Breakfast was included at this airbnb. Skyr (the Icelandic yogurt), breads, fruit, smoked salmon, coffee and juice. Our breakfast companions at the dining room table were a young German couple and a family (a woman from New Jersey, her husband from the Czech Republic, and their daughter). When I took a container of skyr, our host Árni poured cream over it for me, telling me that Icelanders consider the yogurt-like food to be too dry without it. To me, it made it much too rich.
We decided to walk down to the shore before we headed off to explore more of the Westfjords. This took us through a pasture with friendly horses. This one approached me,
and then leaned her head in to mine. So sweet.
We wanted to see the seals so we walked down to the water.
They did not disappoint. Seals are as curious as the horses, and kept bobbing up to have a look at us.
I mean really, how cute is that?
We drove that morning to Reykjafjörður, to the Reykjafjarðarlaug natural hot spring. But it was nearly scalding. We dipped our feet in and thought better of parboiling ourselves.
Fortunately, this geothermal spring is also piped into a pool, which overlooks the fjord. There was one other person in it, who got out after a bit, leaving it to just us.
Nearby was an old turf house, gradually rejoining the earth.
After the pool, we drove to Bíldudalur on the Tálknafjörður fjord.
The town boasts of the Icelandic Sea Monster Museum. "First-hand accounts from eye-witnesses are joined on-screen by academic theories on the nature of sea monsters, while a variety of relics and artefacts relating to this mysterious branch of zoology appear throughout the museum as tangible evidence for their existence." In other words, it's a crock of shit. Still, I thought it might be entertaining, but when my husband checked the price it was $11 each and we passed. Our host, Árni, told us later that virtually every little town has a museum about something and they're designed to get tourist dollars. Once you've paid, who cares if you're disappointed? He said there was even a town with a pirate museum, "and there have never been pirates here!" He seemed to find tourist gullibility wildly amusing. Which is fair.
Bíldudalur is in the municipality of Vesturbyggð. Try pronouncing that one! Side note about Icelandic churches - the Lutheran ministers are civil servants and the church buildings are used for weddings, funerals, confirmations, and so on. But going to church on Sundays really isn't a thing there.
We drove over to Patreksfjörður on the other side of the Tálknafjörður fjord. We had a late lunch at Stúkuhúsið cafe, in the center of town.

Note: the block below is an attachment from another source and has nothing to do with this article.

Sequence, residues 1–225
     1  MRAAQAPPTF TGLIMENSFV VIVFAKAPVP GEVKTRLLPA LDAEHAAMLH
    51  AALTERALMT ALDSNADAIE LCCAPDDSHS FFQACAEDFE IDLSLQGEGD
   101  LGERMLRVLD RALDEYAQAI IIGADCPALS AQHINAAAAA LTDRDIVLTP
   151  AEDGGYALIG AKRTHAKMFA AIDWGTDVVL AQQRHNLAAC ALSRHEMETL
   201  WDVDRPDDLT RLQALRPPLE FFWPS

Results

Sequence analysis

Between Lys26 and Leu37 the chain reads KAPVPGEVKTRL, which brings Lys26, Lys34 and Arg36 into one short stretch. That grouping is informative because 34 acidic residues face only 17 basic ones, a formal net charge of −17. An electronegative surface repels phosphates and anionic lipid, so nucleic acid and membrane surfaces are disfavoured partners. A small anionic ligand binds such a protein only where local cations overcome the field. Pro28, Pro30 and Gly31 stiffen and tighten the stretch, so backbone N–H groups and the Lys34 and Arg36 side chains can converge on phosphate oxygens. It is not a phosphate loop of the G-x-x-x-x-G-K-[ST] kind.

We had a tomato and mozzarella panini and the day's special: pan-fried halibut with potatoes and salad. Both very good.
Patreksfjörður has about 680 residents, compared to Bíldudalur's 200, so there was a little more going on there. School was in session and we watched these kids in the playground.
The church graveyard looked intriguing so we went in to investigate. Many of the enclosed graves had trees planted right in the center of them.
While we were looking around at the graves, some kids in the school next to the church leaned on the fence and started shouting to us. It was in Icelandic, but I'm pretty sure it was "Hey! What the hell are you doing?!"
Trawling fishing began in Iceland in this town, and Patreksfjörður still has a big fishing industry. We spent a little time walking on the docks and looking at the fishing boats.
I liked the clear reflection of the anchor on the prow of the Agnar.
And then, back to Laugaból farm, where the horses were enjoying the sun.
It probably goes without saying that there was a geothermal hot tub at the farm and that we took advantage of it.
Icelanders like their dead animal decorations. In the dining room there was a brown version of an arctic fox (with a brown bird in it's teeth), and I asked Árni where María stayed when she wasn't on a lead outside. When he told me she mostly lived in the barn, I jerked my thumb at the taxidermied fox behind me and said, "So she doesn't know about THIS guy?" He laughed and said, "No!"
In the early evening, after our soak in the pool, we took the binoculars and sat on the deck watching the whales who had moved further into the fjord. Once a whale even breached in front of us. As we sat eating cheese and crackers, drinking wine, and whale-watching, Árni came out with two warmed-up woolen blankets and wrapped them around our shoulders. Truly, does life get any better than that?
As the temperature continued to drop and the whales moved away, we said goodbye to the fat seals on the rocks below us and went inside.
I could happily have stayed at Laugaból all summer.